The Interbranch Commission’s genesis was a three-year study conducted by the Pennsylvania Supreme Court to determine whether racial or gender bias played a role in the justice system. The study was initiated in the fall of 1999 by then Chief Justice John Flaherty who appointed the Supreme Court Committee on Racial, and Gender Bias in the Justice System to conduct it. In March 2003, the Committee completed its study and submitted its 550-page Final Report with 173 recommendations to the Court. Eighteen months later, led by the Supreme Court, the leaders of the three branches of Pennsylvania state government announced the formation of a new Interbranch Commission for Gender, Racial and Ethnic Fairness. The Interbranch Commission was charged with the responsibility of implementing the extensive recommendations from the study.
Considered a model among the nation’s courts for addressing bias, the Interbranch Commission applies the resources of all three government branches to the implementation of the recommendations from the Court’s study. Pursuant to its Mission Statement, the Commission also seeks to “raise both public and professional awareness of the impact of race, ethnic origin, gender, sexual orientation or disability on the fair delivery of justice in the Commonwealth of Pennsylvania; suggest ways to reduce or eliminate such bias or invidious discrimination within all branches of government and within the legal profession; and increase public confidence in the fairness of all three branches of government in the Commonwealth of Pennsylvania.”
Funded by the Legislature through the judicial branch, the Interbranch Commission has been endorsed and supported by the three branches of Pennsylvania government. Pursuant to the Commission’s Bylaws, each branch appoints eight members of the Commission, for a total of 24 members. The members are diverse – geographically, racially, ethnically and by gender. All members are assigned to one or more of the six Commission Committees, including Criminal Justice, Jury Service, Interpreter Services, LGBTQ Rights, Domestic Violence and Sexual Assault Victims, and Equal Opportunity and Diversity.
The full membership of the Interbranch Commission meets quarterly in one of three locations in the Commonwealth: Philadelphia, Pittsburgh or Harrisburg. One of the quarterly meetings is conducted for the public each year at which time the Commission’s Annual Report is presented.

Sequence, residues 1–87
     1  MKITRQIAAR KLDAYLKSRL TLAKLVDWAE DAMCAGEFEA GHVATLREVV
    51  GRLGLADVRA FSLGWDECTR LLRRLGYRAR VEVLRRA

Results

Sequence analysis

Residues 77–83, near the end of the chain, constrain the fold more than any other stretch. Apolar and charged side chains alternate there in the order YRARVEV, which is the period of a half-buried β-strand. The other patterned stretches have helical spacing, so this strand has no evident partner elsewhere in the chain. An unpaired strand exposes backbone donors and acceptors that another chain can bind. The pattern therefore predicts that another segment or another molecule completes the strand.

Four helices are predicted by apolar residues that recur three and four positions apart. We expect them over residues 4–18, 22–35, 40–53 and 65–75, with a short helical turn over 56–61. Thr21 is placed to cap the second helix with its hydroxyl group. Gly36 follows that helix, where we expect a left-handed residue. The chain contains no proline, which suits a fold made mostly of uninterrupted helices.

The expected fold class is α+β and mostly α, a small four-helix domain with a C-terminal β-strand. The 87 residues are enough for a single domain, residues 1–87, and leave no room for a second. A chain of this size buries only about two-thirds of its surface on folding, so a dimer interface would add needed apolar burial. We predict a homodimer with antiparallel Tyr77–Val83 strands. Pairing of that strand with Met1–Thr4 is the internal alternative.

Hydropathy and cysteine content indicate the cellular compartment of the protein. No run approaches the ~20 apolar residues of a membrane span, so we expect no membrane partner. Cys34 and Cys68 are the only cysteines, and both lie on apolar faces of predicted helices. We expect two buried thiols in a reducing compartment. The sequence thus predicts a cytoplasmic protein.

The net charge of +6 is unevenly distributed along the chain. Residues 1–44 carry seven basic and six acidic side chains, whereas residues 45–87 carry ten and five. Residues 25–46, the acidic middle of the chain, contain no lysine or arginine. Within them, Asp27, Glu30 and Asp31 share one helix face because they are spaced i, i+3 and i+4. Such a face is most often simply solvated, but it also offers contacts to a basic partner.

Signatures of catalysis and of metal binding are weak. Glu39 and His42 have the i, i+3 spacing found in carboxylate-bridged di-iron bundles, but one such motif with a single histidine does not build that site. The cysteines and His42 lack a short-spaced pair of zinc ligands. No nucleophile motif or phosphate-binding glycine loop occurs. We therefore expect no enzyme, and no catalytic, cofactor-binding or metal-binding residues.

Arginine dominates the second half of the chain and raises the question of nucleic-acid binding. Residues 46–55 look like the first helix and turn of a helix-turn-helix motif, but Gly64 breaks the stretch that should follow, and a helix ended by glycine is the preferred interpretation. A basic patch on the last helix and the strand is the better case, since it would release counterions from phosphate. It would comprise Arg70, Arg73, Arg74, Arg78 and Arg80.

In the 16 years since its inception, the Commission has made great strides toward achieving its goals. Among other things, the Commission has devised a statewide policy for the Pennsylvania courts on Non-Discrimination and Equal Employment Opportunity and played a critical role in the passage of landmark legislation on the provision of interpreter services in the courts and administrative agencies. It has also produced a key guide designed to combat human trafficking in Pennsylvania by providing an overview of existing legal protections and setting forth principles to be used by jurisdictions throughout the Commonwealth to address the unique needs of victims of sexual exploitation.
The Commission has also submitted a report and action plan to the Supreme Court designed to standardize jury selection procedures in the state and increase diversity among jury members. Relatedly, in order to create a more diverse juror pool that reflects Pennsylvania’s demographics, the Commission worked with four state agencies to establish a Statewide Juror List that reaches a much more racially and socioeconomically diverse group of citizens. Commission staff also worked to increase juror diversity throughout the Commonwealth by producing two pamphlets that educate LEP individuals about jury service and the level of English language proficiency needed to serve on a federal and state jury.
This emphasis on diversity mirrors the Commission’s initiative to bring attention to reports over the past three years that some state court judges and personnel have been collaborating with Immigration and Customs Enforcement (“ICE”) agents to effectuate the detention or deportation of immigrant court users in and around Pennsylvania’s state courthouses. As a result of the Commission’s efforts, the AOPC issued an advisory which informed judicial districts of potential Title VI violations; similarly, ICE issued a directive that limited the scope of the agency’s enforcement actions in federal, state, and local court facilities to specified individuals. The Commission continues to combat this unconstitutional interference in state court business and is awaiting a response from the PA Supreme Court to the PBA’s and Commission’s request that the Court adopt guidelines designed to reduce ICE’s ability to arrest and detain immigrants without a warrant in and around these facilities.